Species diversity of metazoan bulk samples can be rapidly assessed using Cytochrome c oxidase I (COI) metabarcoding. However, in cases where only degraded DNA is available, e.g. from poorly conserved museum specimens, eDNA filtered from water or gut content analyses, universal primer sets that amplify only a short COI fragment are advantageous. Using PrimerMiner, we optimised two universal primer sets targeting freshwater macroinvertebrates based on NCBI and BOLD reference sequences. The fwh1 and fwh2 primer sets targeting a 178 and 205 bp region were tested in vivo by sequencing previously used freshwater macroinvertebrate mock communities of known composition and three monitoring samples from Romanian streams. They were further evaluated in silico for their suitability to amplify other insect groups. The fwh1 primer sets showed the most consistent amplification in silico and in vivo , detecting 92% of the taxa present in the mock communities, and allowing clear differentiation between the three macroinvertebrate communities from the Romanian streams. In silico analysis indicates that the short primers are likely to perform well even for non-freshwater insects. Comparing the performance of the new fwh1 primer sets to a highly degenerate primer set targeting a longer fragment (BF2/BR2) revealed that efficiency is slightly lower for the new primer set. Nevertheless, the shorter new primer pairs might be useful for studies that have to rely on degraded or poorly conserved DNA and thus be of importance for biomonitoring, conservation biological or molecular ecological studies. Furthermore, our study highlights the need for in silico evaluation of primer sets in order to detect design errors in primers (fwhR2) and find optimal universal primer sets for the target taxa of interest.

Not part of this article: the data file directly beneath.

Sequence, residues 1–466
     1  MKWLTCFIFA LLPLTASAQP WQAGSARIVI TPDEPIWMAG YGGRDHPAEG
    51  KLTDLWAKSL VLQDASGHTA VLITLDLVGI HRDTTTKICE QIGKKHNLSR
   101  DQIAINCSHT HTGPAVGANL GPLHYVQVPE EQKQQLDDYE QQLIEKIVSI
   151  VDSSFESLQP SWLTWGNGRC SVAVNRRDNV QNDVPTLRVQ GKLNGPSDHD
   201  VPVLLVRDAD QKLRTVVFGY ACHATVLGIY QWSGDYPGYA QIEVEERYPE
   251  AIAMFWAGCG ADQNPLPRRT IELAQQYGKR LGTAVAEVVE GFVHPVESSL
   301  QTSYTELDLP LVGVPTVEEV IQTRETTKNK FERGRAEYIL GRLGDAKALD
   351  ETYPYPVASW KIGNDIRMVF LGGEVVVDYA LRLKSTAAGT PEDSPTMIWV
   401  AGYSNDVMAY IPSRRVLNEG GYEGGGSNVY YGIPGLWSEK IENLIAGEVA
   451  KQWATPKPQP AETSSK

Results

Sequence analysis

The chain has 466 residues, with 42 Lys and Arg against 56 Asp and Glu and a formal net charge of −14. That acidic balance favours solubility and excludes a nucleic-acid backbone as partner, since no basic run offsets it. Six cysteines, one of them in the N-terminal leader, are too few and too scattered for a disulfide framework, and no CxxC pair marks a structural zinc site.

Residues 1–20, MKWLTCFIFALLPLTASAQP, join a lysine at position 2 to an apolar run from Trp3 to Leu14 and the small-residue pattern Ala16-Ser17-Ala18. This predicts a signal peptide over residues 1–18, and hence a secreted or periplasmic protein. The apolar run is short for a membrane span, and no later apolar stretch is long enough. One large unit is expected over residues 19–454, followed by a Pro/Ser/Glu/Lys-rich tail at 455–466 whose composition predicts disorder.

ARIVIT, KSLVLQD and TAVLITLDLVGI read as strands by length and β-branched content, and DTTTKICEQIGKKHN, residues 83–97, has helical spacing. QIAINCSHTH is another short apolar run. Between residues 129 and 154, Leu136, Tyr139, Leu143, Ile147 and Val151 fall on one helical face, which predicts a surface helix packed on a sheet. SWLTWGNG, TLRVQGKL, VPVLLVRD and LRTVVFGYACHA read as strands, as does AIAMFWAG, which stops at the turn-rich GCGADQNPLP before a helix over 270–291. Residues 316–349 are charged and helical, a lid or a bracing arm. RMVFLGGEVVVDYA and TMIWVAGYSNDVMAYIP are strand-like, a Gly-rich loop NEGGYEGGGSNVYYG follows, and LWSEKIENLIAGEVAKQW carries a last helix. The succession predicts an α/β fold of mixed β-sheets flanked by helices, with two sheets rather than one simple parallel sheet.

This data release provides COI barcodes for 366 species of parasitic flies (Diptera: Tachinidae), enabling the DNA based identification of the majority of northern European species and a large proportion of Palearctic genera, regardless of the developmental stage. The data will provide a tool for taxonomists and ecologists studying this ecologically important but challenging parasitoid family. A comparison of minimum distances between the nearest neighbors revealed the mean divergence of 5.52% that is approximately the same as observed earlier with comparable sampling in Lepidoptera, but clearly less than in Coleoptera. Full barcode-sharing was observed between 13 species pairs or triplets, equaling to 7.36% of all species. Delimitation based on Barcode Index Number (BIN) system was compared with traditional classification of species and interesting cases of possible species oversplits and cryptic diversity are discussed. Overall, DNA barcodes are effective in separating tachinid species and provide novel insight into the taxonomy of several genera.